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Trigger for impairment testing

The Russian government’s military invasion of Ukraine, the ensuing sanctions imposed by the international community on the Russian government and Russian companies and countermeasures by Russia have significantly impacted individuals and companies in the region and beyond. Although this is first and foremost a human tragedy for those involved, many companies’ operations or assets have been affected and they need to consider the possible accounting implications, including potential impairment triggers that may affect the measurement of their non-financial assets.

The likelihood that a triggering event has occurred for non-current assets has increased significantly for companies that:

  • have significant assets or operations in Russia, Belarus or Ukraine;
  • are significantly affected by the sanctions imposed and/or Russia’s countermeasures;
  • are adversely affected by increases in the prices of commodities; and/or
  • are significantly affected by supply chain disruption.

IAS 36 Impairment of Assets requires a company to assess at each reporting date whether there is any indication of impairment (or an indication that a previously recognised impairment loss has reversed). [IAS 36.9]

Irrespective of any indicator of impairment, IAS 36 requires goodwill, intangible assets with indefinite useful lives and intangible assets not yet available for use to be tested for impairment at least annually. The annual test is required in addition to any impairment tests performed as a result of a triggering event. [IAS 36.10]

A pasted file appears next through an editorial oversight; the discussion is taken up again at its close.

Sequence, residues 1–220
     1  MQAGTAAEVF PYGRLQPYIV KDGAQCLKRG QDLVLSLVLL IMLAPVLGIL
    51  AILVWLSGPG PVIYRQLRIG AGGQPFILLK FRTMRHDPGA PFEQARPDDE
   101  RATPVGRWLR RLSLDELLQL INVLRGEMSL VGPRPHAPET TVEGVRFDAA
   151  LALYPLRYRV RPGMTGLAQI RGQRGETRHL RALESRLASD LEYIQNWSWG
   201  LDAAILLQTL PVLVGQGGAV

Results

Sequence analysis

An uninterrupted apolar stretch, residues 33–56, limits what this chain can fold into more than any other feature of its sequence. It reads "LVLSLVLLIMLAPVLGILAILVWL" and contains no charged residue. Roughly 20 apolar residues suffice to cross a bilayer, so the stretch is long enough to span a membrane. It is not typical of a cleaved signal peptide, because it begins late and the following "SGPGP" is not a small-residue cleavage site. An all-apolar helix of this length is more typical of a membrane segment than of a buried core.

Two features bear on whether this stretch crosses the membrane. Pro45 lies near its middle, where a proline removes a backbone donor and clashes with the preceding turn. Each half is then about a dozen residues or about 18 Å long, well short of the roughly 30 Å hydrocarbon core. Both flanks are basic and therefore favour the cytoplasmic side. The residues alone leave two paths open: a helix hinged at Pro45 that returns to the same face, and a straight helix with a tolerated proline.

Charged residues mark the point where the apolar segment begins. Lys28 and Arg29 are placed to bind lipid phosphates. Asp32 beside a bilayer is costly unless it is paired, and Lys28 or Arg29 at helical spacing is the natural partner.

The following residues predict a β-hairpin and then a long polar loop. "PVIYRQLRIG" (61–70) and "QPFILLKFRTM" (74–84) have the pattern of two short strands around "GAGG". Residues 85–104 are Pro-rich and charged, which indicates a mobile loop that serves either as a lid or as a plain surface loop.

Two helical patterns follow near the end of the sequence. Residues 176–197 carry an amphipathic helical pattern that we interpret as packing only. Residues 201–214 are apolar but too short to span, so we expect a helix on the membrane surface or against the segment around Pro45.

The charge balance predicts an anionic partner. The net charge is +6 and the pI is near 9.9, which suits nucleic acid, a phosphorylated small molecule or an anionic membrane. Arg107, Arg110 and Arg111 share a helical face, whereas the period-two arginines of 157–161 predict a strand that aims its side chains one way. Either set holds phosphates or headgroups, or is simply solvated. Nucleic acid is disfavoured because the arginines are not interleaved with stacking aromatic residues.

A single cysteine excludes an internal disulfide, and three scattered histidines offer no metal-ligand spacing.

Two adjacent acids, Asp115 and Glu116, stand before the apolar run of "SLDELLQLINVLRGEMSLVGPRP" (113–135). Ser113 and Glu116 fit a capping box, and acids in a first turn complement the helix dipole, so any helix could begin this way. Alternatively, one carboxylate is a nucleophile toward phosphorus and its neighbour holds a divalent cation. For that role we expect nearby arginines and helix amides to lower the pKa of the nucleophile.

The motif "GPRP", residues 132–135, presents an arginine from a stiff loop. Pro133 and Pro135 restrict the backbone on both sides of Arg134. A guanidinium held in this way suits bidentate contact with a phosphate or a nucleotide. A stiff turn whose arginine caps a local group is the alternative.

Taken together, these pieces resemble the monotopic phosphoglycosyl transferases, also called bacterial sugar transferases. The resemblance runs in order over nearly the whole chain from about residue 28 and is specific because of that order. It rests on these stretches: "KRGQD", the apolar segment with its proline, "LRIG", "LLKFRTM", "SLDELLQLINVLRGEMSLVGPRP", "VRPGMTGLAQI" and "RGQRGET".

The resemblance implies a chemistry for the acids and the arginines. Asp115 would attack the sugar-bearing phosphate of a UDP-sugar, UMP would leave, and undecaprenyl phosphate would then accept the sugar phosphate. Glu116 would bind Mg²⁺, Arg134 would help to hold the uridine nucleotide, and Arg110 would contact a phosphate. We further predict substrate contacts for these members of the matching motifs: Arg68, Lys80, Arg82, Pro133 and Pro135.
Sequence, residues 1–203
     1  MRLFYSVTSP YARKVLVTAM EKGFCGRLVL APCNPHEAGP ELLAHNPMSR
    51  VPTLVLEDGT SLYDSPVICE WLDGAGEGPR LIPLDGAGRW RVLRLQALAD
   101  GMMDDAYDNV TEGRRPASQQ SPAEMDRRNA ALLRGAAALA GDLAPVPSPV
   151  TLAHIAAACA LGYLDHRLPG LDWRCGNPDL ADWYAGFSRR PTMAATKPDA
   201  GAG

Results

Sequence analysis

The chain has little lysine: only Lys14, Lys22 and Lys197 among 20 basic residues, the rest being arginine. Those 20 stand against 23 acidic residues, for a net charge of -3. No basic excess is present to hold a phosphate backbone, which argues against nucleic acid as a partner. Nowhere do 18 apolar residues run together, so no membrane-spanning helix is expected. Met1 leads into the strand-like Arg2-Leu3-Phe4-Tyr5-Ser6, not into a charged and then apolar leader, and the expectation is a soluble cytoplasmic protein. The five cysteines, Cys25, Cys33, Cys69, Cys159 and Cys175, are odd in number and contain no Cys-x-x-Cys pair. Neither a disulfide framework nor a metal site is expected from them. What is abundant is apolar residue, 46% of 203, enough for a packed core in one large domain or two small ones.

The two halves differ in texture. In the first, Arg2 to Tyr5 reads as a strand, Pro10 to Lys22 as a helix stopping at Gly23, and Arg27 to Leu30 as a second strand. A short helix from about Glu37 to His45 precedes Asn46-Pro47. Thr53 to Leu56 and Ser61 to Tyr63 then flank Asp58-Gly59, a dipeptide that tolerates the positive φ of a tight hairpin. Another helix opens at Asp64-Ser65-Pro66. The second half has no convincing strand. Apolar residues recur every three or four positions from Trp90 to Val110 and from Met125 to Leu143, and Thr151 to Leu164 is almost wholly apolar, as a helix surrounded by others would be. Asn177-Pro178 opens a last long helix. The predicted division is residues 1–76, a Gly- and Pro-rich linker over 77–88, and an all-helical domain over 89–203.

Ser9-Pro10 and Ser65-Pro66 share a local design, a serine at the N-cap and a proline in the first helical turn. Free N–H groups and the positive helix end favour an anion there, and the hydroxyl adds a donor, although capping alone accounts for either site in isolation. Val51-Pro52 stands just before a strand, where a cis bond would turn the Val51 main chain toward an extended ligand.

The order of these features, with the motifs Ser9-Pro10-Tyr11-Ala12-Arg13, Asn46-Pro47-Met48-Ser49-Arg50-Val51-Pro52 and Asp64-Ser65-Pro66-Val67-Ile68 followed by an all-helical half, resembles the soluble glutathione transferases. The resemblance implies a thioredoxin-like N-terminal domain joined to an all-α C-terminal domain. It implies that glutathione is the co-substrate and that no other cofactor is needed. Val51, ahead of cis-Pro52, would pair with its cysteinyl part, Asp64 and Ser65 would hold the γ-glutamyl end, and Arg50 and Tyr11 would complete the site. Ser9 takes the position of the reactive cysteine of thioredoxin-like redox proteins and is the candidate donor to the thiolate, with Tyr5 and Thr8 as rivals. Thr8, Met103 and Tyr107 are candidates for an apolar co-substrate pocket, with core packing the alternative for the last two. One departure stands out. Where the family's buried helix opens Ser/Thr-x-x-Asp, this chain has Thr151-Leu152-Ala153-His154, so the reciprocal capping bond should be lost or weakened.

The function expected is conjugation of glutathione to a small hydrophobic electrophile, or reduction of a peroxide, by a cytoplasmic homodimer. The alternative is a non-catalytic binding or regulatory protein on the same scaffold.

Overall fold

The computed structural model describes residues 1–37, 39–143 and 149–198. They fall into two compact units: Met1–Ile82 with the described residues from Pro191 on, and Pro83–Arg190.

An impairment loss recognised for goodwill is not reversed in subsequent periods, even if it was recognised in an interim period of the same financial year. [IAS 36.124, IFRIC 10.8]


Challenges in estimating cash flows

When a triggering event has occurred, management needs to determine the recoverable amount – the higher of value in use (VIU) and fair value less costs of disposal (FVLCD) – of an asset or cash-generating unit (CGU), which usually requires management to forecast future cash flows. Budgets and cash flow forecasts prepared by management generally serve as the starting point for the discounted cash flows used in calculating the recoverable amount. Significant assumptions, such as forecast sales, growth rates and inflation rates, profit margins, capital expenditure and discount rates will need to be reassessed and updated as appropriate due to the significant changes in economic and market conditions. Cash flows used in determining FVLCD should be updated to reflect the assumptions that market participants would use based on market conditions and information available at the reporting date. [IAS 36.4, 9, 33, IFRS 13.2]


Reflecting risks in the discount rate

The discount rate used to discount the forecast cash flows under both VIU and FVLCD may be significantly affected due to the increase in uncertainty and risks. The discount rate should reflect the impact of changes in interest rates and the risk environment at the reporting date. [IAS 36.56]

If the expected cash flow approach is used, then the discount rate should exclude risks that have been reflected in the cash flows to avoid double counting.

Even companies that do not operate in Russia or Ukraine may need to test non-current assets for impairment if they are significantly impacted by the sanctions, rising commodity prices or supply-chain disruption.

Patouche Van Staaij, Executive Director Audit KPMG in Belgium